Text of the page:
Germany
    Shooter
    Medium Format
    Posts
    531
    Images
    133
    I recently suggested in a German forum already to collect data on reciprocity-failure. It seems to me more valuable than information on developing times in respect to certain developers, as it's inherent to the respective film, largely independent from individual influences and moreover difficult to test without the proper equipment.

    Ulrich

  7. #7
    gainer's Avatar
    Join Date
    Sep 2002
    Posts
    3,726
    Images
    2
    Search www.unblinkingeye.com for "LIRF is Lurking at Your F-stop" by Patrick Gainer. It shows some interesting facts about reciprocity obtained by analyzing Howard Bond's data in an unusual manner.
    Gadget Gainer

  8. #8

    Join Date
    Sep 2008
    Shooter
    35mm
    Posts
    13
    Quote Originally Posted by An Le-qun View Post
    Tom,
    In case you are interested, Fuji's boast that Acros 100 shows very little reciprocity failure seems to have something to it--which I found out quite by accident. I don't recall whether the sheet included with the box of 4x5 provides extensive information for it, though, although that may be available elsewhere.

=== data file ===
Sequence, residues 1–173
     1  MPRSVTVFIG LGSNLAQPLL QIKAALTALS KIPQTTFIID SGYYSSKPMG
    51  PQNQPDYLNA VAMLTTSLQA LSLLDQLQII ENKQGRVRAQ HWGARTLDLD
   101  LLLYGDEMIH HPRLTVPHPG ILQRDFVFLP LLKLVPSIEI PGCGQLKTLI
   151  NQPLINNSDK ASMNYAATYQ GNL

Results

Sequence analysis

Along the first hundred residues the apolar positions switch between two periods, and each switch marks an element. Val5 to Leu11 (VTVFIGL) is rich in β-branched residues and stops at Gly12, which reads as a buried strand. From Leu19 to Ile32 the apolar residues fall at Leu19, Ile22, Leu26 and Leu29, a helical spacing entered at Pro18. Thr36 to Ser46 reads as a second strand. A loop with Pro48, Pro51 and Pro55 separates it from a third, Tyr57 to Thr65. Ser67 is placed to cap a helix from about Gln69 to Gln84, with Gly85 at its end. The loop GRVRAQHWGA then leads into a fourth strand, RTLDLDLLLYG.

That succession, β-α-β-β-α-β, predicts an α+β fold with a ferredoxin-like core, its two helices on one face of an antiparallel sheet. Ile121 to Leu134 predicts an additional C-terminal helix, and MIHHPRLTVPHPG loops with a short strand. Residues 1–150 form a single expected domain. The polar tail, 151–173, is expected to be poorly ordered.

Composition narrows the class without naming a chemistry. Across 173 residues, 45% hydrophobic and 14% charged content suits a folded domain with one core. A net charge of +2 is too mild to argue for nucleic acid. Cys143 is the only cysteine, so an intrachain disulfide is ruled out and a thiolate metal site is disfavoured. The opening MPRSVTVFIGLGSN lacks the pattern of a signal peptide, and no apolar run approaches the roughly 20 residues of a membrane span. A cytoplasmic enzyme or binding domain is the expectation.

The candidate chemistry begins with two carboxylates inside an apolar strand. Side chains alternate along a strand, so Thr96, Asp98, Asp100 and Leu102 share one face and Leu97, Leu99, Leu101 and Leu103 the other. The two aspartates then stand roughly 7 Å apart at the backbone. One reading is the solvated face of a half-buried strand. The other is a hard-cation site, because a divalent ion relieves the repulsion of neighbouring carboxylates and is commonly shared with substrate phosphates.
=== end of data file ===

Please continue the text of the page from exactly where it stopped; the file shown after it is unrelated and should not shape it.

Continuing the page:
Le-qun

    I've tested this film for astrophotography and it does have very good reciprocity characteristics. I could see that density of nebula was still building against background in test exposures up to 32 minutes. For terrestrial shooting this just goes to show that it does indeed have excellent performance, likely the best on the market with LIRF in mind. Fuji boasts no reciproity adjustment for exposures up to two minutes. I plan further tests but I'm a little concern about how easily it seems to scratch; I'm going to have to track that down.

  9. #9

    Join Date
    Mar 2005
    Location
    Germany
    Shooter
    Medium Format
    Posts
    531
    Images
    133
    Quote Originally Posted by gainer View Post
    Search www.unblinkingeye.com for "LIRF is Lurking at Your F-stop" by Patrick Gainer. It shows some interesting facts about reciprocity obtained by analyzing Howard Bond's data in an unusual manner.
    I just did a quick check with some data for HP5 from the Bond article. It really seems to work.

    Ulrich

  10. #10

    Join Date
    Jan 2009
    Shooter
    Large Format
    Posts
    50
    Quote Originally Posted by gainer View Post
    Search www.unblinkingeye.com for "LIRF is Lurking at Your F-stop" by Patrick Gainer. It shows some interesting facts about reciprocity obtained by analyzing Howard Bond's data in an unusual manner.

    Thanks for the article-

    using your graph for all films, the corrected exposure for an indicated time of 1 sec is 1.3 sec, for a time of 10 sec is 14 sec? am I doing this correctly? seems kind of low corrections for Tri-X in my experience- or I have been over-correcting...

Page 1 of 5 12345 LastLast


 

APUG PARTNERS EQUALLY FUNDING OUR COMMUNITY:



Contact Us  |  Support Us!  |  Advertise  |  Site Terms  |  Archive  —   Search  |  Mobile Device Access  |  RSS  |  Facebook  |  Linkedin